as the TH-55 Osage).
This one was at Fenland
||The Hughes 500 is a powerful, rugged, high
performance helicopter derived from the US Army's OH6 Cayuse. It can
theoretically carry seven people, but this must be a heck of a
squeeze. It first flew in 1963 and has been progressively developed
since then. Confusingly, some Hughes 500s are also referred to as
the Hughes 369. It is powered by a single Allison turboshaft engine
(essentially a turboprop fitted with a gearbox to direct the power
vertically to the rotor, and a rotor clutch for starting.) Some
2,000 have been built, including military versions. It can carry up
to 540 Kg for up to 380 miles.
The top one (G-GASA) was
pictured at Shoreham in July 1984, and the lower at Top Farm in
||McDonnell Douglas Helicopters MD-900
Gamston, November 2007
||The wave of consolidation sweeping through
the European aircraft industry in the 1970s created a German
conglomerate called Messerschmitt - Bolkow - Blohm (MBB). Its first
production helicopter was the MBB105. Although the first version
flew as long ago as 1964, they are still widely used today. The four
bladed rotor is relatively quiet, and the turbine engine very
reliable, though expensive to run. Normally seating five people, it
can also be converted as an air ambulance with room for two
This one was at Fairford in July 2005.
|The Robinson R22 is a two seat light
helicopter designed in America by Franklin Robinson. The first
development aircraft flew in 1975. The main production version, the
Beta, was introduced in 1985. It is very popular, not least because
it makes helicopter flying affordable: both the fuel and the
maintenance costs make helicopters outrageously expensive to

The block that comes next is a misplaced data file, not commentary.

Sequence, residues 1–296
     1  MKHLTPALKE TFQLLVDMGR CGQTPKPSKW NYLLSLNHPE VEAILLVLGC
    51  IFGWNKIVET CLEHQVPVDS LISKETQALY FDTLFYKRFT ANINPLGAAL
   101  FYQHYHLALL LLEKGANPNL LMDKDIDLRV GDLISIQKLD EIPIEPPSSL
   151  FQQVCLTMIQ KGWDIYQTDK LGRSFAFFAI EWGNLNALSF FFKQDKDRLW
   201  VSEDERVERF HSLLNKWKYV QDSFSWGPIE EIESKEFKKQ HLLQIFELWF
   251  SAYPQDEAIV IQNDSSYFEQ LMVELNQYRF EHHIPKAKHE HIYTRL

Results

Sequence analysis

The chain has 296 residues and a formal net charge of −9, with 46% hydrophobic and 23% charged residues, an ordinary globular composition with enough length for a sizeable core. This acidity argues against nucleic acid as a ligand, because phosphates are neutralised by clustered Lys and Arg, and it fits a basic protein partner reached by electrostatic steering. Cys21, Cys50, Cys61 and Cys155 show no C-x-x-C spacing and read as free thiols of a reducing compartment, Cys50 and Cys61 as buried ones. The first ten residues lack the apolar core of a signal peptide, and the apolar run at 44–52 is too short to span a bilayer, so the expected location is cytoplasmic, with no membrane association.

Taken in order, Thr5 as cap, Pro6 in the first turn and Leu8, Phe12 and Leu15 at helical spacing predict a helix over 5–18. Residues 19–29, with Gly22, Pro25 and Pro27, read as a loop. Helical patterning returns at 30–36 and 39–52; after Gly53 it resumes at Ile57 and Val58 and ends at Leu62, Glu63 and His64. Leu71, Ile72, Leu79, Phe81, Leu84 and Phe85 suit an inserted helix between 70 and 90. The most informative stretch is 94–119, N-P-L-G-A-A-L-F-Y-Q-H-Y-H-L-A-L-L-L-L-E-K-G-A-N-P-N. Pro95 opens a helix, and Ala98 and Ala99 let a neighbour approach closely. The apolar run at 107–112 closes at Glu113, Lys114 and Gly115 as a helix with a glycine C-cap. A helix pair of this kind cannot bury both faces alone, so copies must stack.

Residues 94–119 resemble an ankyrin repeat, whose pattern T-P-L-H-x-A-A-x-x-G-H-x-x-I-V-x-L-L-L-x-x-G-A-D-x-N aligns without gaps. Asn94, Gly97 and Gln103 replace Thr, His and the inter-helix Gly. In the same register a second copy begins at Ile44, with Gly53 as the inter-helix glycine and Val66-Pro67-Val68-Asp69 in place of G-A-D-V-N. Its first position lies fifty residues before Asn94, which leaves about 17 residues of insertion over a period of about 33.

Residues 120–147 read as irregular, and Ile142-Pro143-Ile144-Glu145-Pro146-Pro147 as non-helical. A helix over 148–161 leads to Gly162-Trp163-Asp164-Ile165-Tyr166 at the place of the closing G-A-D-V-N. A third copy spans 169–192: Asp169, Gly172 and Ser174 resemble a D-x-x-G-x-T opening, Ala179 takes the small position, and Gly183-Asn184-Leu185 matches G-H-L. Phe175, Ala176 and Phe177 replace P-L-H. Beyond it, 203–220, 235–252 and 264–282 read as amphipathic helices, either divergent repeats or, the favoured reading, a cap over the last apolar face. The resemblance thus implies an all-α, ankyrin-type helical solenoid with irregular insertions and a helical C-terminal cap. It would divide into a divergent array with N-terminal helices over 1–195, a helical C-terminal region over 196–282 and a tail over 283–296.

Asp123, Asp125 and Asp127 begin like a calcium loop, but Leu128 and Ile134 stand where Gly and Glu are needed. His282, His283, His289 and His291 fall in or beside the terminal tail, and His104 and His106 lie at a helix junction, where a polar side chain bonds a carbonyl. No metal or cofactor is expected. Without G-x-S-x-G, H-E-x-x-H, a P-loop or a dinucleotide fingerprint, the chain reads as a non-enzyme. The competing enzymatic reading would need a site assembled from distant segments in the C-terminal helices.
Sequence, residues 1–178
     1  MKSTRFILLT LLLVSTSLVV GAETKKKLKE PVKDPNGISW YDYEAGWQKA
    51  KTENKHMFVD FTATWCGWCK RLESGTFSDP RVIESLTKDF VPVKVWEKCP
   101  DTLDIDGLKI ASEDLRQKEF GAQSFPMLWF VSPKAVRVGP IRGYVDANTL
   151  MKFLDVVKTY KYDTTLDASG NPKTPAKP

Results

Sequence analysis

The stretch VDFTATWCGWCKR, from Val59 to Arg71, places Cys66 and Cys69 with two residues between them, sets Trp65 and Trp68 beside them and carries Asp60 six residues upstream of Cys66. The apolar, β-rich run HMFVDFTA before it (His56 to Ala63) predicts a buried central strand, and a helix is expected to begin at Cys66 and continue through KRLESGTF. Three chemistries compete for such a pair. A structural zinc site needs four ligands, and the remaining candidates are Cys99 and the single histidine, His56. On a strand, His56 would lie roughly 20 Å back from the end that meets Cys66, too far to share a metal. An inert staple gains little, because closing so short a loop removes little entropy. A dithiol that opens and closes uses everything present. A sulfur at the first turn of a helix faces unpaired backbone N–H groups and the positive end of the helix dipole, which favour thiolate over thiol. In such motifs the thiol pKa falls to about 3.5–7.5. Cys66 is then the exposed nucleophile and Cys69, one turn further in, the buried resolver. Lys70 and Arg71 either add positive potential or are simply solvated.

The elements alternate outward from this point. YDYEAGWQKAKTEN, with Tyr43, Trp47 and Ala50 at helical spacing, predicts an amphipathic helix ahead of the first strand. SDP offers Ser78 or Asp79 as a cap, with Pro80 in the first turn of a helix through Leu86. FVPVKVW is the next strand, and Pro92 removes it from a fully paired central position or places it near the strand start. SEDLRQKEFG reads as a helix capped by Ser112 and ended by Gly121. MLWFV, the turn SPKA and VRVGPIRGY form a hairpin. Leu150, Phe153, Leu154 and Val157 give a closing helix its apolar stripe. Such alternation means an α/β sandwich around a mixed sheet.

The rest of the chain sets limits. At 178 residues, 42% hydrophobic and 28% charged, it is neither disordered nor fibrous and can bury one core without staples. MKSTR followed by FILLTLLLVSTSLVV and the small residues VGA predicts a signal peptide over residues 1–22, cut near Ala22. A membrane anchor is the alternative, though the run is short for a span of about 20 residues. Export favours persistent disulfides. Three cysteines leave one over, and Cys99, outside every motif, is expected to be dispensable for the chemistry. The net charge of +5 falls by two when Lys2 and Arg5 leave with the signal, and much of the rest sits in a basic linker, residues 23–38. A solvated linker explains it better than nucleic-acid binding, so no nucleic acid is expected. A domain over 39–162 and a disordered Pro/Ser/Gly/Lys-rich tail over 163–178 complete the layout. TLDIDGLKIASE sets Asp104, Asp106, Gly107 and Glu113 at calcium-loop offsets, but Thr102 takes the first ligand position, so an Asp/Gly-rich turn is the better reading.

operate. Robinson deliberately aimed to reduce these costs by making
the R22 as simple as possible, roughly halving the cost when
compared to the then contemporary machines. It is powered by a 125hp
Lycoming engine, driving a simple two bladed rotor of diameter just
over 25 feet. It will travel at 95mph for up to 360 miles. About
3,000 have been built to date, and it remains in production (as of
This one was photographed at
Earl's Colne in June 2006.
||The Robinson R44 is a four seat derivative of
the R22. It competes with the far more expensive Bell JetRanger
series, but is far cheaper. It first flew in March 1990, since when
over 1,000 have been built; it remains in production. its 225hp
Lycoming O-540 delivers a cruising speed of 130mph and range of 400
miles. With 33 foot diameter rotors, it is a substantially bigger
aircraft than the R22, but is similarly economical to operate and
This one called in to Top Farm for fuel in
||This very blurred picture of a Sikorsky S-76
was taken at Cebu in July 2005. The S-76 was developed as a
successor to the earlier, and very popular, S-61 / Sea King range
(see under military helicopters). It first flew in March 1977, since
when about 500 or so have been built. It has two 650hp Allison 250
turboshaft engines, which enable it to cruise at over 140mph for
almost 700 miles (depending on payload). Typical seating is for 12
passengers plus two crew.